Abstract 4.11





Accessibility of Insecticide Treated Bed Nets and Intermittent Presumptive Treatment of Malaria to Mozambicans Obtaining Healthcare in Southern Malawi: A Case Study of International 
Disease Control and Equity in Health



A. Muula, Z. Yiwombe, M. Matchaya 

Department of Community Health, University of Malawi College of Medicine, Blantyre
Department of Media and Journalism Studies, University of Malawi, The Polytechnic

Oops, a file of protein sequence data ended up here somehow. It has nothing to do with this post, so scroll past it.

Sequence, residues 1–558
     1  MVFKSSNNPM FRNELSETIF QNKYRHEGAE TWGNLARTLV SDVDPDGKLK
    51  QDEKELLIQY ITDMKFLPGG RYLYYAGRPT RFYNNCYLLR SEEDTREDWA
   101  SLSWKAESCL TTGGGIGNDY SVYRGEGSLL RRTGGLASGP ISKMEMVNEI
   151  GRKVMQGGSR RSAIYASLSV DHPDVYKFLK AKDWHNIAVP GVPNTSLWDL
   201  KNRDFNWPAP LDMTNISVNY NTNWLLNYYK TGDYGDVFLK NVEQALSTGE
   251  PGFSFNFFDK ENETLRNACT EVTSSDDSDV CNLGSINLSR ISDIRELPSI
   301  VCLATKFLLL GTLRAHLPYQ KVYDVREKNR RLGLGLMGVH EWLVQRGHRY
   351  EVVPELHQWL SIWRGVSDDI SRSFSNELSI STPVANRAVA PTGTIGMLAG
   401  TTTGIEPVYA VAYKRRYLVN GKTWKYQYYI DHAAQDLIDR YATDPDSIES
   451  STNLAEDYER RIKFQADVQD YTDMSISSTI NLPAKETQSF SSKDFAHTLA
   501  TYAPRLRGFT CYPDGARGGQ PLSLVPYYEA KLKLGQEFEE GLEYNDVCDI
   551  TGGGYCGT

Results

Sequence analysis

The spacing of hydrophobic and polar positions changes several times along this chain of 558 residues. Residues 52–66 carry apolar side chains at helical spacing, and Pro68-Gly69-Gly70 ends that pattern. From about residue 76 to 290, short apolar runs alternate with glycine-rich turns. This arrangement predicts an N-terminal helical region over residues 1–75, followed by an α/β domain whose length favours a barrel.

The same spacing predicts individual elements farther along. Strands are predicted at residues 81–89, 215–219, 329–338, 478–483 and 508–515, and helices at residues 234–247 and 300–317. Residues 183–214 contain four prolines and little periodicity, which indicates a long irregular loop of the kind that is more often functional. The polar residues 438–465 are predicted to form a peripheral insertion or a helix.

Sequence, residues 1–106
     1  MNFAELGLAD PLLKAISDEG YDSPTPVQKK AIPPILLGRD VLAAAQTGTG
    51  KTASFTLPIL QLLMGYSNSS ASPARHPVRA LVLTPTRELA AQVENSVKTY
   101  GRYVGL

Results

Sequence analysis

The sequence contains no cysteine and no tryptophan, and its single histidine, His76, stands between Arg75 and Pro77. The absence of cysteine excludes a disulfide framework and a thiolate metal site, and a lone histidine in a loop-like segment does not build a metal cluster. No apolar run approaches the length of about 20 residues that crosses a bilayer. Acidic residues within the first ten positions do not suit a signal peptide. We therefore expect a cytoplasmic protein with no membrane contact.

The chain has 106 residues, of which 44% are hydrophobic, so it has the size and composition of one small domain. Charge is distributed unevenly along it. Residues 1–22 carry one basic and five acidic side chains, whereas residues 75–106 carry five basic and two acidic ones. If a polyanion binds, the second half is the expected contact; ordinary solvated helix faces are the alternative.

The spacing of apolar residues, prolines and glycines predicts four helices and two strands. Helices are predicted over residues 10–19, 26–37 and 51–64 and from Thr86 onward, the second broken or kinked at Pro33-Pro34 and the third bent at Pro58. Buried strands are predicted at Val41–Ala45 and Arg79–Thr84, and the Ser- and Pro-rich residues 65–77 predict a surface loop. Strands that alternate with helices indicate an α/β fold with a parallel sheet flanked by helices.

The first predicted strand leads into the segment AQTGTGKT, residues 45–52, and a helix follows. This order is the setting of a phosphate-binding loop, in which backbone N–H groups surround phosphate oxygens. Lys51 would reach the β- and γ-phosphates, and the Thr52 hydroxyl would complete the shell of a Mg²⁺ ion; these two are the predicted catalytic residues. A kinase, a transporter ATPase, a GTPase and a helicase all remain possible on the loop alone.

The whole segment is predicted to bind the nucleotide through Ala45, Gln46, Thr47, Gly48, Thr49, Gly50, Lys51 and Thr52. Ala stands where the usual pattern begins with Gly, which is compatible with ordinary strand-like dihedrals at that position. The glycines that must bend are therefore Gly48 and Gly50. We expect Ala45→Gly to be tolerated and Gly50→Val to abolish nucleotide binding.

This qualitative study utilising in-depth interviews was carried out to determine whether the Malawian public health system provides equitable access to malaria prevention and treatment facilities for Mozambican nationals attending health care services in three Malawian border districts of Mwanza, Mulanje and Nsanje. Majority of Malawian health workers reported non-discrimination of Mozambican nationals accessing insecticide-treated bed nets (ITNs) and presumptive intermittent treatment for malaria among pregnant women attending antenatal care. In one district however, nets provided by one non-governmental organization were reported to being provided to Malawians only, thus excluding Mozambicans on instruction from the non-governmental organization (NGO) who had supplied the nets. Both Malawian and Mozambican nationals were required to present the ‘Health passport‘ in order to access ITNs and presumptive intermittent treatment of malaria from the health facilities. For effective prevention and control of malaria in border districts of Malawi and Mozambique, there is need for the collaboration between governments, including national malaria control programs, non-governmental organizations and civil society. 

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